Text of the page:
Texas: the rise, progress, and prospects of the Republic of Texas, Vol.2 Page: 526 of 554
This book is part of the collection entitled: From Republic to State: Debates and Documents Relating to the Annexation of Texas, 1836-1856 and was provided to The Portal to Texas History by the UNT Libraries.
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A PPEN DIX.-VII.
the place to be searched or the petson or thing, to be seized,
without probable cause, supported by oath or affirmation.
Sixth.-In all criminal prosecutions, the accused shall
have the right of being heard, by himself, or counsel, or
both; he shall have the right to dermand 'he nature and
cause of the accusation, shall be confironted with the witnesses
against him, and have compulsory process fbor obtaining
witnesses in his favour. And in all prosecutions by
presentment or indictment, he shall have the right to a speedy.
and ptiblic trial, by an impartial jury; he shall not be coimpelled
to give evidence against himself, or be deprived of
life, libei'ty, or property, but by due course of la.w. And no
freeman shall be holden to answer for any criminal charge,
but on presentment or indictment by a grand jury, except
in the land and naval forces, or in the militia when in actual
service in time of war or public danger, or in cases of impeachment.
No citizen shall be deprived of privileges, outlawed,
exiled, or in any manner (lisf'ranihised, except by
due course of the law of the land.
Eighth.-No title of nobility, hereditary privileges or.
honours shall ever be granted or conferred in this Republic.
No person holding any office of profit orI trust shall, without
the consent of Congress, receive fi'omt any foreign state any
present, office, or emolument of anv kind.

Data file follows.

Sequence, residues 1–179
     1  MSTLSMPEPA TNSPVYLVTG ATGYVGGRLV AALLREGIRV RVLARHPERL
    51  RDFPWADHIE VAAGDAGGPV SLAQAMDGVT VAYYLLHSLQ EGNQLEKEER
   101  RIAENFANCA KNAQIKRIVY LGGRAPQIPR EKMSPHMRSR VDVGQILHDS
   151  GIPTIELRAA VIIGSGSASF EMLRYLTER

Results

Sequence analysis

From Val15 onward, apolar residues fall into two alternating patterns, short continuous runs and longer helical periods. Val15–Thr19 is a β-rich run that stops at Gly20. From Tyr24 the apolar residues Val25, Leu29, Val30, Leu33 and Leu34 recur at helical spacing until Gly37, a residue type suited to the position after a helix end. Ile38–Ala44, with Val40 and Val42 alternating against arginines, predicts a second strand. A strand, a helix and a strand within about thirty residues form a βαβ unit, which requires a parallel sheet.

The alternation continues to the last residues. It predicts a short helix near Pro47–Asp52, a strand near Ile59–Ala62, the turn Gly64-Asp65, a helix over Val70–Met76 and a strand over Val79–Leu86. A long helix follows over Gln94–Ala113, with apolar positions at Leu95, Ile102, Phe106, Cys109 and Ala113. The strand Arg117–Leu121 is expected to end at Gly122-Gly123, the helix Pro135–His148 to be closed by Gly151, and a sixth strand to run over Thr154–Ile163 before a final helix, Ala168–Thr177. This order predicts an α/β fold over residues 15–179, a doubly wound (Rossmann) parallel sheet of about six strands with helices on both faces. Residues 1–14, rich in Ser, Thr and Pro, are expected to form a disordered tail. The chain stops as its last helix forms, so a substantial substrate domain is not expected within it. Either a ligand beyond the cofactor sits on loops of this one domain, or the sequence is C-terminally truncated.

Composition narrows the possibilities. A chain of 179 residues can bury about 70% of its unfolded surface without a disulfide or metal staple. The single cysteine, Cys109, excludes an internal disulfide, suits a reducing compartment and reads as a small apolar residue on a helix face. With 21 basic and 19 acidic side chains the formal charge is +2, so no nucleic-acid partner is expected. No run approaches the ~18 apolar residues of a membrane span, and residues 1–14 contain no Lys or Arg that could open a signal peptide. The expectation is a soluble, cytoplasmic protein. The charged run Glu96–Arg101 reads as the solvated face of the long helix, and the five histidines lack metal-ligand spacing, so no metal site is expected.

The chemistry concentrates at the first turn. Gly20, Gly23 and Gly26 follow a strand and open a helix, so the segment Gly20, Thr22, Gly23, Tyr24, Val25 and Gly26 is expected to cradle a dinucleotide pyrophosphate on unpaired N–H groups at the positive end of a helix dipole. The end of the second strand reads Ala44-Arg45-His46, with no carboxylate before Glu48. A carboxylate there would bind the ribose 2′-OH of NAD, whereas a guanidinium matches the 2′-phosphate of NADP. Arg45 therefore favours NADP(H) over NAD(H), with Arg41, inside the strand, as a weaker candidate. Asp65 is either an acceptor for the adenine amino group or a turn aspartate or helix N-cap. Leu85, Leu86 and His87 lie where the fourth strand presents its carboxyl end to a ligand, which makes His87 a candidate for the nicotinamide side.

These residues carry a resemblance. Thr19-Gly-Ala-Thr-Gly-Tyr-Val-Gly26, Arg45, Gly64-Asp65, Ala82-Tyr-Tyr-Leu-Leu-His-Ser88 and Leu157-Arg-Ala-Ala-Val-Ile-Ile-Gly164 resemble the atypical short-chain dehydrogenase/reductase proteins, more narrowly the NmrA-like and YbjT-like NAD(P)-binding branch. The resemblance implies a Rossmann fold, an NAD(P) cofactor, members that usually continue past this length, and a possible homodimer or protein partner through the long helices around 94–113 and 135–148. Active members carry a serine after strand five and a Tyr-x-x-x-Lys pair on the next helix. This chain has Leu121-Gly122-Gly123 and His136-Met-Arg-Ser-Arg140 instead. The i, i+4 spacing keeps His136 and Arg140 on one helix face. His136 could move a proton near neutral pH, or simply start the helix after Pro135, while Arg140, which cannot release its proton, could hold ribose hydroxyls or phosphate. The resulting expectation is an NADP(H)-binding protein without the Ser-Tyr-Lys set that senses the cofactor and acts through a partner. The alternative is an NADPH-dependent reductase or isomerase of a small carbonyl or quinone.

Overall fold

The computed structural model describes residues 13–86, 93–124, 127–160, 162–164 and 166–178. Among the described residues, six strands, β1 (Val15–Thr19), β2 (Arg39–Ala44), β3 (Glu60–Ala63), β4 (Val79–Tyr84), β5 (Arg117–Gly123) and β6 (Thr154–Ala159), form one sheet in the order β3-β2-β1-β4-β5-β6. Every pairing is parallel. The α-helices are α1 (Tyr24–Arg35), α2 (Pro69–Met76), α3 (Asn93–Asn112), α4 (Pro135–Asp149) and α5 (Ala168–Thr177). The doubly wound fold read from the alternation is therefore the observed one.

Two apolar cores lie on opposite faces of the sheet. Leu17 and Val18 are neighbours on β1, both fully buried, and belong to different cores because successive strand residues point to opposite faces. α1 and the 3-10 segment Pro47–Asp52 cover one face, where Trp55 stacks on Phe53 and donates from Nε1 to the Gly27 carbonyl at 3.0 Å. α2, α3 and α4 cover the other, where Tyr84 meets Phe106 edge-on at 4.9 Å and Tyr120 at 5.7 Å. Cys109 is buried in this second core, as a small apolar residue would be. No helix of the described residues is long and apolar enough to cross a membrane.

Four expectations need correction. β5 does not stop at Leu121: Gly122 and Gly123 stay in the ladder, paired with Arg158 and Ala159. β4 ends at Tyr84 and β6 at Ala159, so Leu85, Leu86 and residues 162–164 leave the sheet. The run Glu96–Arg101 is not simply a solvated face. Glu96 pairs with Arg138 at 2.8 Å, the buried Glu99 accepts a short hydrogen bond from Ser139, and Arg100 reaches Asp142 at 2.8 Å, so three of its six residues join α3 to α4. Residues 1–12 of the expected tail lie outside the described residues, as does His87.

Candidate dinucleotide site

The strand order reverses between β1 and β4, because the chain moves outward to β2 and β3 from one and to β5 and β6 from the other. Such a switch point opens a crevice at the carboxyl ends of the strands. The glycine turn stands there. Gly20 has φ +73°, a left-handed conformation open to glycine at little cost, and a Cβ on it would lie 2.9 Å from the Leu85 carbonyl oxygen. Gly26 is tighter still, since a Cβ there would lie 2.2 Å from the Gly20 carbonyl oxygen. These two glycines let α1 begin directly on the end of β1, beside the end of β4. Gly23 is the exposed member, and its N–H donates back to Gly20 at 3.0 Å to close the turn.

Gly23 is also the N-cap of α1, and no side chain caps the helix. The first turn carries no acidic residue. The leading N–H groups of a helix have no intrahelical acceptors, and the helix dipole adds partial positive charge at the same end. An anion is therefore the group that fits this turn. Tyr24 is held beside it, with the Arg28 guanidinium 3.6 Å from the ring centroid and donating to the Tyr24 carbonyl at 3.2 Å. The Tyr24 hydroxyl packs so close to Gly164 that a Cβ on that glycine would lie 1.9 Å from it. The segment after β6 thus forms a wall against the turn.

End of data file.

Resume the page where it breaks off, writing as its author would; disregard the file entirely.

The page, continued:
Ninth.-No person, for the same offence, shall be twice
put in jeopardy of life or limb. And the right of trial by
jury shall remain inviolate.
Tenth.-All persons shall be bailable by sufficient security,
unless for capital crimes, when the proof is evident or
presumption strong; and the privilege of the writ of'" habeas
corpus" shall not be suspended, except in cases of rebellion
or invasion, when the public sa%ety may require it.
Eleventh.-Excessive bail shall not be required, nor excessive
fines imposed, or cruel or unusual punishments
inflicted. All courts shall be open, and every man for any
injury done him in his lands, goods, person, or reputation,
shall have remedy by due course of' law.
'Twelfth.-No person shall be imprisoned for debt in consequence
of inability to pay.
'Thilteenth.-No person's particular services shall be demainded,
noir property taken or applied to public use, unless
by the consent of himself or his representative, without just
conpensation being made therefor according to law.
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Kennedy, William. Texas: the rise, progress, and prospects of the Republic of Texas, Vol.2, book, January 1, 1841; London. (texashistory.unt.edu/ark:/67531/metapth2392/m1/526/: accessed April 25, 2018), University of North Texas Libraries, The Portal to Texas History, texashistory.unt.edu; .